Indeed, after the Criminal Law (Amendment) Act, 2013, which keeps sex workers out of the purview of punishment, there is now a demand for doing away with Section 8 of the ITPA that punishes sex workers for soliciting in public. “Section 370 of the amended act supersedes the ITPA. It is based on the UN protocol to prevent, suppress and punish trafficking in persons, especially women and children. It decriminalises the victims. So we want the ITPA to be made defunct,” says Ruchira Gupta, who runs the NGO, Apne Aap Women Worldwide.

That demand is bound to gain momentum. For, examples of police harassment of prostitutes abound. In fact, sex workers often get picked up by the police on the charges of committing nuisance.

Patkar points to the regular harassment of prostitutes in Mumbai. “Since lodging an FIR under the ITPA is cumbersome, sex workers in Mumbai get picked up under Section 110 of the Bombay Police Act for behaving indecently in public. We need to change this attitude towards sex workers.”

Others say that the answer lies in the legalisation of prostitution. “These outdated laws concerning prostitution are the biggest problem in society. Prostitution should be legalised to save a large section of women from being exploited and harassed,” Tulsi says.

Until that happens — or at least until the IPTA decriminalises sex work — men like Somnath Bharti may be counted upon to charge any woman who does not conform to their personal ideas of morality with prostitution — and heap harassment upon her.

Let them live with dignity

Rahul Gandhi smiles at the world from huge billboards lining the dusty and pot-holed roads of Amethi. But there is a stranger in town who vows to wipe out the smile. And that’s a little known poet called Kumar Vishwas.Kumar is likely to be fielded from the Gandhi pocket borough by the Aam Aadmi Party (AAP) in the 2014 general election. And the 43-year-old outsider is doing all he can to strike a chord in the heart of the eastern Uttar Pradesh town. “I have come here to listen to you,” he says, addressing some 300 people in the Salon area of Amethi.

While Gandhi has been busy addressing Congress members in Delhi, Kumar is canvassing hard in Amethi. He starts his day at seven in the morning, and his cavalcade of four cars — with Vishwas in a white Scorpio — weaves its way through the town, stopping every now and then to address meetings in a constituency that Gandhi has won twice, and which was earlier represented by his uncle, Sanjay, his father, Rajiv, and later, his mother, Sonia Gandhi.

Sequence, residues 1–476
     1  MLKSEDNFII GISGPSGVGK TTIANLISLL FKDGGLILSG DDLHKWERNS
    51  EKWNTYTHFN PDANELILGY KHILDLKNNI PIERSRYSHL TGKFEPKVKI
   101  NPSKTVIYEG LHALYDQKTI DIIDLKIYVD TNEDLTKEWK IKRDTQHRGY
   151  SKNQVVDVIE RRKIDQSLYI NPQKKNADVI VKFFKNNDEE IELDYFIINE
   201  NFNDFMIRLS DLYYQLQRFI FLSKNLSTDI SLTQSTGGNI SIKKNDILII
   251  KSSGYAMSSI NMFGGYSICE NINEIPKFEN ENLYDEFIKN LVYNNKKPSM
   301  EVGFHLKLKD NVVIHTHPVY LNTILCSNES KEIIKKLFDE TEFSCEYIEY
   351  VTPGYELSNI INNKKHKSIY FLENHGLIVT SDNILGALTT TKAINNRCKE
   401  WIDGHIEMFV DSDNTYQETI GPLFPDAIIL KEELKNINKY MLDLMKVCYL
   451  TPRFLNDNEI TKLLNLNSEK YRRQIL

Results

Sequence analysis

Kumar’s plank is that of lack of development. “People of Amethi are angry with Rahul Gandhi because there has been no development here,” he says.

Indeed, the people do have a litany of complaints. Amethi — which comprises the five Assembly constituencies of Tiloi, Salon, Jagdishpur, Gauriganj and Amethi — has an average literacy rate of 39 per cent, far lower than the national average of 59.5 per cent.

Though there are six government colleges in Amethi, no new college has come up in the 10 years since Gandhi’s first election from Amethi in 2004. A new extension campus of the Indian Institute of Information Technology (IIIT), Allahabad, has been opened, but locals complain that it doesn’t help them.

  • Winning turf : Sunita Kori (left) with Kumar Vishwas

“Admissions take place in Allahabad. And there is no reservation for us,” Deepak Sharma, a 23-year-old unemployed science graduate, rues.

As Kumar meets people in village corners, they crowd around him to complain about unemployment. In recent years, factories of LML Vespa, Usha Rectifiers and Samrat Bicycles have shut. Only a few companies remain, notably Hindustan Aeronautics Limited, Associated Cement Companies Limited and Indo Gulf Fertilisers.

It was only last year that the foundation of the 67km-long Unchahar-Salon-Amethi rail line was laid by Rahul Gandhi. Last year, he also announced the setting up of 140 food processing units in the Jagdishpur Industrial Area and a paper mill in Amethi. But the locals are not sure if they will get jobs.

“With no new projects, we don’t even get work under the Mahatma Gandhi National Rural Employment Guarantee Act. So what will these government investments do for us,” Mohammed Arif, a resident of Bhadar village, asks.

Kumar is making the most of the resentment. “Do you see any development in your village,” he thunders. “Where are the roads? Where is electricity? Don’t you think you should question your parliamentarian?”

You can see that the people are drawn to Kumar, who peppers his speeches with colloquial Hindi words and barbs, and bits of poetry. He makes fun of the dynastic rule of the Gandhi family by referring to Rahul as babua (a nickname for small boys) and Yuvraj (Prince). “You may not be able to meet your Yuvraj but I will be there for you. I will be your slave,” he says.